We’ve been working with the Nexus 5Ks a good bit lately and they are just cool, no two ways about it. One really nice feature that the Nexus 5000 and 7000 support is vPC, or virtual port-channels. Take note that support for vPC is new on the 5K and you’ll need at least version 4.1(3)N1(1) of NX-OS. If you are below that first grab the latest version from Cisco and update your systems.
Why We Bundle Connections
I’m sure most people reading this are familiar with port-channels, but if not…read on. A port-channel is a way to group two or more interfaces together. Some people call it bundling, Etherchanneling (a specific type of port-channel..but commonly used), and other names. The idea is that you are making multiple connections look like one. There are considerations around using that additional bandwidth that I won’t get in to here, but the point is that it’s a single bundled connection.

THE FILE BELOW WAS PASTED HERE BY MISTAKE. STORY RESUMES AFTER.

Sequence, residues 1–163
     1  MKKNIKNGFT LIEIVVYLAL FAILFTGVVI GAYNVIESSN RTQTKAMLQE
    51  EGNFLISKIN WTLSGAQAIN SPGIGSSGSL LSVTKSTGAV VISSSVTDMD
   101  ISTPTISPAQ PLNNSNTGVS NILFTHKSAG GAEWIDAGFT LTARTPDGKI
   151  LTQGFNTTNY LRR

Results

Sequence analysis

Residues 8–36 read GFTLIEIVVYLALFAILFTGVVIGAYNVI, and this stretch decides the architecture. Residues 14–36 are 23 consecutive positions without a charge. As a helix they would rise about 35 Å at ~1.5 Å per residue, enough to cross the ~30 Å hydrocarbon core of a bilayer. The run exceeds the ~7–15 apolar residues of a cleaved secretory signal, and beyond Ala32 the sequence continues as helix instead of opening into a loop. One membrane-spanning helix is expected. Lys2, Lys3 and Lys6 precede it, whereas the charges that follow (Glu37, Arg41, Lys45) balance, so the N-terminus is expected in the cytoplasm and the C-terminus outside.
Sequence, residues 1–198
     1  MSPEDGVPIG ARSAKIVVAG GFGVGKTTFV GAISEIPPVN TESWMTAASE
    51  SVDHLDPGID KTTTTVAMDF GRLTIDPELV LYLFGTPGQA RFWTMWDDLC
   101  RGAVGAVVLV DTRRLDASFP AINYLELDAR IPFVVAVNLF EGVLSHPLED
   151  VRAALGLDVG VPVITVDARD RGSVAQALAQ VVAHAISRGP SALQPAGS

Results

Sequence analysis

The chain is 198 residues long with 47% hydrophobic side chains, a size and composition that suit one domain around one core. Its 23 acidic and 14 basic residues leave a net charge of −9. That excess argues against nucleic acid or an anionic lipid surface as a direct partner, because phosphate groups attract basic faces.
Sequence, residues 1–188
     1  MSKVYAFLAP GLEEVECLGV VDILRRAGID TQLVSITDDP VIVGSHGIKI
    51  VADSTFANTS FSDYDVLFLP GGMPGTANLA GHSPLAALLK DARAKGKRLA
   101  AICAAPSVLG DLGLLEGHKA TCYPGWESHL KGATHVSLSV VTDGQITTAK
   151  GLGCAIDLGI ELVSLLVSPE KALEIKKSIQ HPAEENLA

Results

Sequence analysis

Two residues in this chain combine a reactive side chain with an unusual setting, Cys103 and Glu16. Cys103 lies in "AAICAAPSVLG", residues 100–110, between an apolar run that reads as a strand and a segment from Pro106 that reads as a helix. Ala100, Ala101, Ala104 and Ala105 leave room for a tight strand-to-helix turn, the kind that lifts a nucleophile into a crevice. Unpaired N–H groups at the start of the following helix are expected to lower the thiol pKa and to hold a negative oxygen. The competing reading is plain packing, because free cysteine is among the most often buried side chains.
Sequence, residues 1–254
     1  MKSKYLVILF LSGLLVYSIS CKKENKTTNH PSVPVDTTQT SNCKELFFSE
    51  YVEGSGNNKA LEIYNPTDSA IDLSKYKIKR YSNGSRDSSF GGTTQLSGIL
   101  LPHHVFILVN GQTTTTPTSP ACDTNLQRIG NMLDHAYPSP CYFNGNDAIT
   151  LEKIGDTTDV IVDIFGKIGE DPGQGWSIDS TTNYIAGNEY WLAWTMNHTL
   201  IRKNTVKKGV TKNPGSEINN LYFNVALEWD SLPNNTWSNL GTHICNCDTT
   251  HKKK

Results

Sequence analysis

Why do we do this? A couple of reasons. The first is redundancy. This way a single connection going down doesn’t cause a disruption. If I port-channel four Gb connections from a server to a switch and lose a single NIC in the system I’m still up and running. We also do it for speed. You can take advantage of higher throughput by bundling connections together. Again, there are special considerations there, but it’s an option. Finally, we also do it to reduce complexity of the network. Go a little deeper here. If you have two switches and connect them with two connections not bundled what do you have? You have a loop. That’s bad. If a host on one of those switches sends out a broadcast it will just circle those switches. Add in a few more switches and another loop or two and you’ll get a multiplier effect on each broadcast which will cause a broadcast storm.